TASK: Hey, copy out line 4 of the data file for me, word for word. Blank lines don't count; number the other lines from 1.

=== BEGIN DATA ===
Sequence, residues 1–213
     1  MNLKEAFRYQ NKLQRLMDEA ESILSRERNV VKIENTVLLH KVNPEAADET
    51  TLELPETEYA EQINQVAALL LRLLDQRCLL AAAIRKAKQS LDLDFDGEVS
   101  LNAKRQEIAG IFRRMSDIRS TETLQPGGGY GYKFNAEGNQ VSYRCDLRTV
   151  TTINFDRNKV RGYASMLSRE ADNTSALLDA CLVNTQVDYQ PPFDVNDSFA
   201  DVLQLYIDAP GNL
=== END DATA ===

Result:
   101  LNAKRQEIAG IFRRMSDIRS TETLQPGGGY GYKFNAEGNQ VSYRCDLRTV